I guess it saves the washing up! I guess if it's OK to burn them it's not so bad but these past couple of years we have had fire bans so you'd be stuck with carrying them around. We have a couple of Ziploc containers we use as bowls. We carry a sugar cube sized piece of fragrance free soap for washing up and washing us.
 
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I like to go almost backpacker light. I don't bring any beer, wet food, axe or chair. Wine, saw and tarp are maybes. I like to have the option of single carrying even though I sometimes double if the trail is rough or the scenery is outstanding. Some of the portages I do are boring forest roads, and that's when I always single carry. I'll walk the road to Fifth Machias Lake once, but three times? No way.

When I go backpacking now the burden of the pack seems oddly light, at least for the first few miles. What isn't easy is being volume constrained, my backpack is about half the cubic of my GG #4 portage pack.
 
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Clint, what's with the paper plates?
I agree, you're going to need to wash pots and cooking utensils anyway and a couple of lexan plates and nylon forks take far less space and weight than a stack of paper plates and bag of plastic forks, that dutch oven is perfect for washing dishes in, plus, if there's a fire ban you're not stuck with a bag of food encrusted garbage that becomes the perfect critter magnet.
 
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I guess it saves the washing up!
Yes it does do that. And I do generally burn them. This time of year we do not have any burn bans. The plasticware goes in a ziplock and gets reused. If it was just me I would use something different, more permanent and it is something that I will probably move to. But the other people that I take are usually their first time out. So I supply most of the gear. They generally have the basic tent and sleeping bag but nothing else.

And the style of trips here that I do are 99% on the river. No portages. From point A to point B. If anything I have to get out on shallow spots and guide the canoe down some areas and hop back in.
 
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This thread is not about what I am bringing.

It is about what everyone is bringing and the different types of gear that people use. So that I and whomever can get ideas If its going to turn into lets pick apart what I am bringing then we can just delete the thread.
 
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Good thread Clint.

On my last trip to Quebec in early Sept there where only two portages, so I brought a wood framed Byers of Maine cot. The cot was a first for me on a summer trip without the wall tent, I'm glad I did. My days on the ground are behind me so the extra weight was worth it. You can see it laying across my canoe seat. I took two Duluth Packs, the little one has my food/cooking gear and the bigger one my tent, sleeping bag clothes etc. A little on the excessive side but this far north in Sept was a first for me so I opted for comfort. It turned out to be a good choice what with the wind and rain I encountered.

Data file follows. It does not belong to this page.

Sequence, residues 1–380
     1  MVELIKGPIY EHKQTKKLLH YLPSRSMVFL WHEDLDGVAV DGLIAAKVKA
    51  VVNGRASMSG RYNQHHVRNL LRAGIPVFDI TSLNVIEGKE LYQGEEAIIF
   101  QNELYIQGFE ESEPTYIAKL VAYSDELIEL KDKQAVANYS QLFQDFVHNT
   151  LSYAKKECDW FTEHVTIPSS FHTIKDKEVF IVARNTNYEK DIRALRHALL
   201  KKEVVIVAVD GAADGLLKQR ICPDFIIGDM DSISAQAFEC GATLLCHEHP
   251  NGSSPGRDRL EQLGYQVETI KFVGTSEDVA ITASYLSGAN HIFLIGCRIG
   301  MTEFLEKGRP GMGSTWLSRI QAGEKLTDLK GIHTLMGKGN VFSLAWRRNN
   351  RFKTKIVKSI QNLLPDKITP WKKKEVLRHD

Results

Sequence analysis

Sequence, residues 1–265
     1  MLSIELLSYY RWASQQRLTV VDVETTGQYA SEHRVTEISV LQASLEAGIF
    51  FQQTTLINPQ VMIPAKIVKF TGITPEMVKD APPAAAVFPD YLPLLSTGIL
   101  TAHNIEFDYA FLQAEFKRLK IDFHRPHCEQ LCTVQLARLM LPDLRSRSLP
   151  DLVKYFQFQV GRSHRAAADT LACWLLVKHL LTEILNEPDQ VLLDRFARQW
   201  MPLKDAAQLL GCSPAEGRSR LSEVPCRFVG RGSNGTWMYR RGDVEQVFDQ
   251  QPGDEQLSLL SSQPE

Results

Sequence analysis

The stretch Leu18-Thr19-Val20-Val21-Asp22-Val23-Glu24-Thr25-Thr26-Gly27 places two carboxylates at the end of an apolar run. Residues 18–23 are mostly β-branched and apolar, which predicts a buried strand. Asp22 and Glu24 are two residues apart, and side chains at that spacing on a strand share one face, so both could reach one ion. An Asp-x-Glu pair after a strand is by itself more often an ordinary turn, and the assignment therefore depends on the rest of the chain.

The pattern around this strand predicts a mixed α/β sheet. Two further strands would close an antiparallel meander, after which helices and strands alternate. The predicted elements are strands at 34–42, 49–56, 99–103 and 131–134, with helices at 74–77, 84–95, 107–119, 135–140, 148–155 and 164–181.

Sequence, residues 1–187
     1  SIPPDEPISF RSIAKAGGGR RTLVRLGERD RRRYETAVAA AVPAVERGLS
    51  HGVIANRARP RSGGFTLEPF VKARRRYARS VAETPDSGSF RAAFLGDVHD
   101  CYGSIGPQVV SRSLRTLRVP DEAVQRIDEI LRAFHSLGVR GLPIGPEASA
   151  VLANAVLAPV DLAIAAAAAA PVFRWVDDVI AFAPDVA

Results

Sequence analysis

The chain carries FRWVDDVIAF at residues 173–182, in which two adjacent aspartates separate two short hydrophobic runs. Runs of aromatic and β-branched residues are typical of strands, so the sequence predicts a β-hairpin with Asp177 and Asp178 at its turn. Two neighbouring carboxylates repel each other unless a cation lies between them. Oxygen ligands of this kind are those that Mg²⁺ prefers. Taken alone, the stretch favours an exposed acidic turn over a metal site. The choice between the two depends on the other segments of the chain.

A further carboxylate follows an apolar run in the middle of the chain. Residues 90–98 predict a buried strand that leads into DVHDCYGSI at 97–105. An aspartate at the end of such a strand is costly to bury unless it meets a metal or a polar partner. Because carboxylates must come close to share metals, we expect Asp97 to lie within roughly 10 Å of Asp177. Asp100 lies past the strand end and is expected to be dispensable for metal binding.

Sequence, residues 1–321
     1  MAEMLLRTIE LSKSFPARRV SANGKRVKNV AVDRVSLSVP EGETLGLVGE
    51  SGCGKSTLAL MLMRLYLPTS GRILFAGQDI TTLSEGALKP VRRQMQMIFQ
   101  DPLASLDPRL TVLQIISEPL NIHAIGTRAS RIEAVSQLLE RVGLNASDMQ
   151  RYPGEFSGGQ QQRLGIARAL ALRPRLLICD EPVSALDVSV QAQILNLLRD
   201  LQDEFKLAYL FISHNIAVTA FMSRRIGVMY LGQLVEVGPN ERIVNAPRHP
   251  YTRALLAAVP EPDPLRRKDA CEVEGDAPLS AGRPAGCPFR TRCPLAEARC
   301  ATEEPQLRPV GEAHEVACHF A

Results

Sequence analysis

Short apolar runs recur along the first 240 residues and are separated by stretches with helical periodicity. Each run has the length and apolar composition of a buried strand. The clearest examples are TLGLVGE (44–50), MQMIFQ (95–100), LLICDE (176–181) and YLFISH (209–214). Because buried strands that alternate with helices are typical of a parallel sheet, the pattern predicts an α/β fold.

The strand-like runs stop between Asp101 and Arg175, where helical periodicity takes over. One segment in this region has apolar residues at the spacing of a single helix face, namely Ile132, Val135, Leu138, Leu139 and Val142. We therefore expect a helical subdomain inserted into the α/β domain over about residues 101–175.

Like Alan, I'm not buying new lighter gear and make do with what I have.

I have a solo tent but when the bigger Timberline works well with the cot. I use a fleece liner inside my "older not that great" down sleeping bag, keeps me warm and the bag stays clean. I even put a pad on the cot for added comfort on my hips at night. I bring an extra set of pants, shirt, 2 pair of socks, crocks (first time, I liked them), wool cap, fleece jacket, rain pants and rain jacket, gloves. PFD.

north quebec 068.JPG

I bring two ash beavertail paddles, 2 fishing rods and a small tackle bag with lures, binocs and small camera. My Go Pro goes on the spare paddle the whole trip via a bicycle handle bar mount. I wear a pair of muck boots, here I'm drying them out after I lined the canoe down some rapids and went in too deep. I now bring that old Coleman chair, never used to bring a chair. I always bring a Snow and Neally Hudson Bay axe and Schmidt pack saw, neither is necessary with a twig stove, but I like them with me. Filet knife and pocket knife, SPOT X, spare rope/string.

north quebec 064.JPG

I use a Littlbug twig stove unless there's a fire ban or risk of one, then I'll carry a Peak 1 stove. I carry my food in those blue and yellow Sealine bags inside my Duluth Pack. I eat pancakes/syrup/tea for breakfast, Idahoan Instant pataoes/tea for lunch and some venison jerky and Knorr pasta sides for dinner, hence the bulk. Fish if I catch them.
I use that stainless pot with two small bowls stuffed inside with a fork, spoon, soap, scotch brite pad, lighter. Cold Handle frying pan and spatula, blue metal cup, water bottle all under an old duct tape patched Campmore tarp.
north quebec 078.JPG
 
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This thread is not about what I am bringing.

It is about what everyone is bringing and the different types of gear that people use.

In the spirit of sharing equipment ideas, here are 2 small screen shelters that I have used. Both are relatively compact and lightweight.